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I did it. I actually went ahead and did it. - Paint It Black
Living the American dream one heartbreaking piece at a time
feren
feren
I did it. I actually went ahead and did it.
I sold the Camaro today. I cleared $2,800 in cash for it, which was $500 under what I was asking -- but by going down that amount it helped coax the deal go to through and I still made a bit of money on the side. I was really only hoping to get back $1,800 so that I could offset the cost buying out the title early. With this amount I'm doing better than I expected, and then some.

So I now have almost $3,000 in cash stuffed in the fireproof safe in my bedroom. Tomorrow I will visit my credit union on the drive to the office and deposit it all into my account. Once it's cleared the bank's system I will then divide the funds out so that I can do some debt repayment and store away the rest of the money like the financially responsible little boy I'm trying to teach myself to be. My plan for the moment is to send $1,800 of my deposit to Novus with the goal of paying back the Camaro's portion of the consolidation loan I took out. The remaining $1,000 will go into my savings account, which will put me over the $12,000 mark. I think about that number -- twelve THOUSAND dollars -- and I grin a little, because it says that I'm doing all right for myself even though I am behind the goal I had set over a year ago. Back in January of 2002 I had laid a plan for myself that called for setting aside $1,000 every month in the hopes of getting a down payment for a mortgage. I'd wanted a sufficient amount of cash saved up so that I could get a home loan before these excellent interest rates passed us by -- but that just wasn't to be, and fortunately for me the interest rates haven't fled quite yet.

That's the thing about plans: despite our best intentions and efforts they're always changing. With my life the way it's been over the past 16 months I've been left with little choice but to rework those plans a few times, and I'll probably have to do it again before the entire thing is said and done. To borrow a phrase from my father, sometimes you just have to roll with the punches. That's sound advice in my book, although it would probably have a bit more relevance if I was a heavyweight boxer.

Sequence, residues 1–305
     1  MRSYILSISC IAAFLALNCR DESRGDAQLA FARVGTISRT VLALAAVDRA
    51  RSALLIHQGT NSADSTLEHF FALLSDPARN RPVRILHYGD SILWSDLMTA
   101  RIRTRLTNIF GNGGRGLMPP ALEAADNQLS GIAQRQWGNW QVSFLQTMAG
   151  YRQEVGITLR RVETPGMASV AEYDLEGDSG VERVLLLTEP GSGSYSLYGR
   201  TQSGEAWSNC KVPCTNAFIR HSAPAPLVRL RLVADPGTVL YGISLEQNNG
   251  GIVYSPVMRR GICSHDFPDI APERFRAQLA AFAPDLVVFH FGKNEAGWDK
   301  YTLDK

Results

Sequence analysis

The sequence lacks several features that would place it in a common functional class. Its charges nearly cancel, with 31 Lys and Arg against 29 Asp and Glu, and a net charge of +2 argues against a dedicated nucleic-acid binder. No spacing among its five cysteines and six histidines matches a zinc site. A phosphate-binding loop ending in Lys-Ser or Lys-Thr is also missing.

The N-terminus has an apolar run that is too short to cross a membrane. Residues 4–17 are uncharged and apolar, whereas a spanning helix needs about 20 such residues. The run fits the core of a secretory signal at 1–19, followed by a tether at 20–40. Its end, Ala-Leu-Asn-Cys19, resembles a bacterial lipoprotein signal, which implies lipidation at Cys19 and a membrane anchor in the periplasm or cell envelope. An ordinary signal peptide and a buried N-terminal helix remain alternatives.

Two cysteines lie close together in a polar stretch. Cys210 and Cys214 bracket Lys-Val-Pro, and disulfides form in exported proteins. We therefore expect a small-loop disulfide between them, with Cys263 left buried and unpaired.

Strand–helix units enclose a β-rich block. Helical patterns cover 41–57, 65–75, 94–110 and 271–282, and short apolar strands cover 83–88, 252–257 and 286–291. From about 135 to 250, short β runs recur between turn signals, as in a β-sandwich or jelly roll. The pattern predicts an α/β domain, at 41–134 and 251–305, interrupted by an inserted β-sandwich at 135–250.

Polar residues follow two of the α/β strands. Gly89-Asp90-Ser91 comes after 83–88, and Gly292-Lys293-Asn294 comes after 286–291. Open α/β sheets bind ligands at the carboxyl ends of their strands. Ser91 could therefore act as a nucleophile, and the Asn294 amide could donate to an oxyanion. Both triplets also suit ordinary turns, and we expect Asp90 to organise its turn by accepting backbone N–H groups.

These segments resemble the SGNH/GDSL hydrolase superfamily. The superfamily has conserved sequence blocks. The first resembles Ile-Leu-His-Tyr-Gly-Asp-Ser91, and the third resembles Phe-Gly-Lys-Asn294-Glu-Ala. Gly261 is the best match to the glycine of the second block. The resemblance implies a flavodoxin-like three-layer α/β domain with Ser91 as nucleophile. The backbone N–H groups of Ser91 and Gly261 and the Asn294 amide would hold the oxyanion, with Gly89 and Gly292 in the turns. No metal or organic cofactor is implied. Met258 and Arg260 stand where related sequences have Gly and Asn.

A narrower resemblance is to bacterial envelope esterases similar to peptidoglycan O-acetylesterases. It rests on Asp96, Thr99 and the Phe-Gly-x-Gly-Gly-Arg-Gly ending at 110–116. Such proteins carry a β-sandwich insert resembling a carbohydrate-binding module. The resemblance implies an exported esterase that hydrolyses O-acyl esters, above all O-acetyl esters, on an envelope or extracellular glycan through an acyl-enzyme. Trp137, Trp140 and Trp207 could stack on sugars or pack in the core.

For those of you playing along at home, that Novus loan represents all of my remaining debt because I used it to pay off everything with an outstanding balance, no matter how small. This single payment of $1,800 accounts for approximately 1/3 of that loan. I can keep throwing large sums of money at it until it's entirely gone without too significantly impacting my life. With luck I will have it completely obliterated within the next 3 months -- which means at that point I'll be perfectly in the black, with zero revolving debt load and no outstanding loans period.

I'm looking forward to having the ink go black once more.

No regrets

Current Mood: drained drained
Current Music: Phil Collins - That's Just the Way It Is

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Comments
frostyw From: frostyw Date: April 27th, 2003 06:07 pm (UTC) (Link)

Heh.

Not surprised you'd be fond of black ink, in more ways than one. ;-)
feren From: feren Date: April 27th, 2003 06:41 pm (UTC) (Link)

Re: Heh.

That's a truly excellent observation, Frostbite. ;)
frostyw From: frostyw Date: April 27th, 2003 07:02 pm (UTC) (Link)

Re: Heh.

And your catlike reflexes catapulted you right into #bohemia to reply to me less than 60 seconds after I posted the comment. :)
tuftears From: tuftears Date: April 27th, 2003 06:38 pm (UTC) (Link)
Glad to hear that the transfer went well! So question, if you have significantly more savings than the loan, why not pay the loan off, meaning you won't be paying interest? Though it's not far off to close the loan out within the next three months.
feren From: feren Date: April 27th, 2003 06:49 pm (UTC) (Link)
The main reasons are that the Novus loan is only charging interest of 1.9%, and I don't want to deplete my resources. Yes, I have sufficient cash to pay off the loan entirely as it stands right now, but it would preclude me from making a significant downpayment if something were to fall into my lap housewise in the next month or so. There's also Murphy's law to consider, which says a disaster may occur and require a significant draw upon my cash resources. I feel it's better to play "CYA" here and make sure that I have cash on hand instead of paying it all off -- only to get hit by something that makes me go back to being in debt on my credit cards again. And at this rate, it's not a huge outlay to carry the balance for a few months.
aureth From: aureth Date: April 27th, 2003 07:14 pm (UTC) (Link)
I was beginning to think you never would. :) I know you liked that car, despite all the hassle it caused.
feren From: feren Date: April 27th, 2003 08:12 pm (UTC) (Link)
Driving it out to Michigan today awoke all my old desires to mod that car up and run it on the quarter-mile strip again. I should chronicle my mishaps today because of those urges...

This just reaffirms that I have to get a 2002 Super Sport Camaro when the prices come down a little more.
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